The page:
Impacts of wild fishes attracted to open-cage salmonid farms in Norway
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OriginalversjonAquaculture Environment Interactions 2014, 6:91-103 10.3354/aei00112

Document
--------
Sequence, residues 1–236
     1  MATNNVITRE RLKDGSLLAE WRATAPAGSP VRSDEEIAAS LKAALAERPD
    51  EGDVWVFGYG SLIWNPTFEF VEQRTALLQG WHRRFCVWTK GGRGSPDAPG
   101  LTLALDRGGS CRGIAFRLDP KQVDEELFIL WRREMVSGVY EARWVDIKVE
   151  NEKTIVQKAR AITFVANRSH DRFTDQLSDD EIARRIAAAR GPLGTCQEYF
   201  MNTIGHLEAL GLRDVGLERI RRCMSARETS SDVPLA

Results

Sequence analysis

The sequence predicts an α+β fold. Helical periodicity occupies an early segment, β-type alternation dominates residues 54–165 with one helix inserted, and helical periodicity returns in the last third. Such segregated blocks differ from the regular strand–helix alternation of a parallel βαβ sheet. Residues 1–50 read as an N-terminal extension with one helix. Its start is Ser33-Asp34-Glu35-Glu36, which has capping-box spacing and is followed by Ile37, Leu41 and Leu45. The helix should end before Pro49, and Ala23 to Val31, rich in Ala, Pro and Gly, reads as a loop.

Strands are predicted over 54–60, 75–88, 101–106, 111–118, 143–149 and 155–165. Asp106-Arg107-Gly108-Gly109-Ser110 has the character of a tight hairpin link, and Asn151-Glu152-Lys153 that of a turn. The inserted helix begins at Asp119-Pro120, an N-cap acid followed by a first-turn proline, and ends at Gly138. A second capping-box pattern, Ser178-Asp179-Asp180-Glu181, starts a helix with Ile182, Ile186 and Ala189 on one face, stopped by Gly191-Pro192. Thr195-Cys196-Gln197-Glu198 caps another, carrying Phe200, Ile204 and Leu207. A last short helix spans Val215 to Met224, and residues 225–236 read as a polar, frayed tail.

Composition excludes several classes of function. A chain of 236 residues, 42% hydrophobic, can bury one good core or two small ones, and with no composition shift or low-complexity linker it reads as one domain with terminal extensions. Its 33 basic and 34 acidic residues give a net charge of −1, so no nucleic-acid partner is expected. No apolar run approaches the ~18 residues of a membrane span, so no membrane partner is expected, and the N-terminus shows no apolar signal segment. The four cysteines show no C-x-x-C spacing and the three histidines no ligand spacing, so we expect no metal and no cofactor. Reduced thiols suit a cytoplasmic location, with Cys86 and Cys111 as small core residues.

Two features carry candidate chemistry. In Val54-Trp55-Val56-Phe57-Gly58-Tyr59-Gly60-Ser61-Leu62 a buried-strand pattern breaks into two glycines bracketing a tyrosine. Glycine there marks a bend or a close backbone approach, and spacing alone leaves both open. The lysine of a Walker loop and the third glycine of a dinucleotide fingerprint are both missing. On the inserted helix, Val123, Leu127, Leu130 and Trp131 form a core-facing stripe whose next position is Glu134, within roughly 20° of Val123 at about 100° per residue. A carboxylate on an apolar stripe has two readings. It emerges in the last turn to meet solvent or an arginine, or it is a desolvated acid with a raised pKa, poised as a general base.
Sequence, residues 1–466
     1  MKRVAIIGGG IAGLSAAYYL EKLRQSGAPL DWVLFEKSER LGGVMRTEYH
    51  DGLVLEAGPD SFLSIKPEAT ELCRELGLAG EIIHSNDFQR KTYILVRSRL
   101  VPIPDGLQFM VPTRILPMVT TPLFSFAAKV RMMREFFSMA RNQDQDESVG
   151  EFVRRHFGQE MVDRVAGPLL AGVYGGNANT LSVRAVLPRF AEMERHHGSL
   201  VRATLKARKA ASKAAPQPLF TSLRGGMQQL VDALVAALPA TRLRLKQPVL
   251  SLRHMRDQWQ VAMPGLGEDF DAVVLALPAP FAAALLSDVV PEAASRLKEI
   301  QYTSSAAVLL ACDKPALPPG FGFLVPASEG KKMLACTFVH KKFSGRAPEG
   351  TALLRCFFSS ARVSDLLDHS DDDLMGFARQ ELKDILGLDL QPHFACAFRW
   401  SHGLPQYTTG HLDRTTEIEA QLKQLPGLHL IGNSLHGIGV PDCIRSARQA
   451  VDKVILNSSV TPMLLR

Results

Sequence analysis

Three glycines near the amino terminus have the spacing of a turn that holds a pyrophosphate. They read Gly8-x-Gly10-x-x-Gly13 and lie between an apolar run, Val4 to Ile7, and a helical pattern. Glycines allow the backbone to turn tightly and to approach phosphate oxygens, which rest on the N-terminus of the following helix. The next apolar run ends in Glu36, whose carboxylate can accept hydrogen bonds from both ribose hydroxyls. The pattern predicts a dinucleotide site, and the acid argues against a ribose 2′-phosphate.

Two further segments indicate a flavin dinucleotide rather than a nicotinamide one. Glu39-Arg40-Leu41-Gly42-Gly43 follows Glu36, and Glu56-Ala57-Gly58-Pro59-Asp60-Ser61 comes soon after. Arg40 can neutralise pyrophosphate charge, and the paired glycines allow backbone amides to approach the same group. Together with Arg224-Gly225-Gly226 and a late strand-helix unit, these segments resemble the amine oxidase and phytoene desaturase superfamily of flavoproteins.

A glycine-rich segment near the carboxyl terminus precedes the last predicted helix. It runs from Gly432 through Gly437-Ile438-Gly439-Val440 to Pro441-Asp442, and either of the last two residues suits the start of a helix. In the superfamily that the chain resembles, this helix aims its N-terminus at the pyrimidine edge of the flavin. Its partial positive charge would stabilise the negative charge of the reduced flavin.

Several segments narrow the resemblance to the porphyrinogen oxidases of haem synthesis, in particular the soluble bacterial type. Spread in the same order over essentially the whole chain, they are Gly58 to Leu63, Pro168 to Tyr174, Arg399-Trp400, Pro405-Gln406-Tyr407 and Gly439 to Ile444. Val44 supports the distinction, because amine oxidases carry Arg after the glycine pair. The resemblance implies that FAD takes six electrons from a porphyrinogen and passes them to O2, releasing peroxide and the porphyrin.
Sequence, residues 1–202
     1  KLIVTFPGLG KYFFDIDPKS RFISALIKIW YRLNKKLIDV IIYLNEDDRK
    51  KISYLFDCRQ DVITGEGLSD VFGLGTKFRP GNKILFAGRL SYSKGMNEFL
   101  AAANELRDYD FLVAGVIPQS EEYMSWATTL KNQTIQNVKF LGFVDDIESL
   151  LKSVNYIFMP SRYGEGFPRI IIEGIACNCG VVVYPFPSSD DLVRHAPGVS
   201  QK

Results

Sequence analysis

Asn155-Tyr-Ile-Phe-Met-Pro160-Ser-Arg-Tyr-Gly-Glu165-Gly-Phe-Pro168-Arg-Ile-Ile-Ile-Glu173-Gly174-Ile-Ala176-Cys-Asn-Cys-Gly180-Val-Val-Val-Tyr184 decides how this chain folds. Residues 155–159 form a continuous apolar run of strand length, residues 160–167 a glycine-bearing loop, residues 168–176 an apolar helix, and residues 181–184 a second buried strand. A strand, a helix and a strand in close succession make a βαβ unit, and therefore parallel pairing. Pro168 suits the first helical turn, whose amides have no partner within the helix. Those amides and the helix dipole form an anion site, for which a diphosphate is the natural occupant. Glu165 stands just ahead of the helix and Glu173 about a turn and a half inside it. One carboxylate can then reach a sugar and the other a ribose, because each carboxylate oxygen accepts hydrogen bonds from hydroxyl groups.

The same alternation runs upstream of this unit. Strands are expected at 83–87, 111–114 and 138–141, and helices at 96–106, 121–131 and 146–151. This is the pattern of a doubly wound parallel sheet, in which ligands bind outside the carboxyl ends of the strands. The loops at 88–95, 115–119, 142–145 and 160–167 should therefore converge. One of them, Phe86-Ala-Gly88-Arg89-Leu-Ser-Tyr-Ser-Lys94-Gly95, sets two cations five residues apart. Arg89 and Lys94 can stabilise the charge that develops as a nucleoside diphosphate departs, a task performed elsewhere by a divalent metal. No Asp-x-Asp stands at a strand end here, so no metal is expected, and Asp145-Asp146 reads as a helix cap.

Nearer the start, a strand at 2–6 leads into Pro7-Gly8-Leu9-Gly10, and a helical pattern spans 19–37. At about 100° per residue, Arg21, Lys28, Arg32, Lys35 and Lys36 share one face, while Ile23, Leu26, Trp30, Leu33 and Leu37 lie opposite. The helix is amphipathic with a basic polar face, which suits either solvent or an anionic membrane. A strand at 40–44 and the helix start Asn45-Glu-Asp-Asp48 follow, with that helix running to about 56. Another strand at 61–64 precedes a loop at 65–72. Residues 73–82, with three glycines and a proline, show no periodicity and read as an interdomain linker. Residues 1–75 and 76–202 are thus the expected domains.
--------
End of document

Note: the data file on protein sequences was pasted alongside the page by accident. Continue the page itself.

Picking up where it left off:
Salmonid farming affects both the environment and other industries, with impacts of wild fish attracted to fish farms being a major concern. Here, we summarized existing knowledge on the impacts of such aggregations around open-cage salmonid farms in Norway on the environment and human activities and on the interactions of these impacts. Waste fish feed is considered the major cause for the attraction of wild fish to the cages. The aggregations of wild fish are relatively persistent and can affect the spatiotemporal distribution of several wild marine species. A change in diet by ingesting the high-energy waste feed available close to the cages may increase the energy stores of some of the attracted fish species, and perhaps also their fecundity, but whether this influences offspring viability is unknown. Changes in the distribution and physiology of the attracted fish can influence local fisheries in terms of resource availability and are probably also associated with the softer, lower-quality meat texture of wild fish caught close to salmonid farms. For fish farmers, the attraction of wild fish to the cages is advantageous because attracted fish eat a substantial amount of the waste feed before it can impact the benthos, and because large attracted fish prey on escaped farmed fish. However, movements of wild fish may play a role in the transfer of diseases, and wild fish may cause farmed fish to escape by damaging the net pens. Due to the complexity of interactions, a combined focus on the impacts of attracted wild fishes on the environment and human activities is warranted when developing future management and governance strategies for salmonid aquaculture.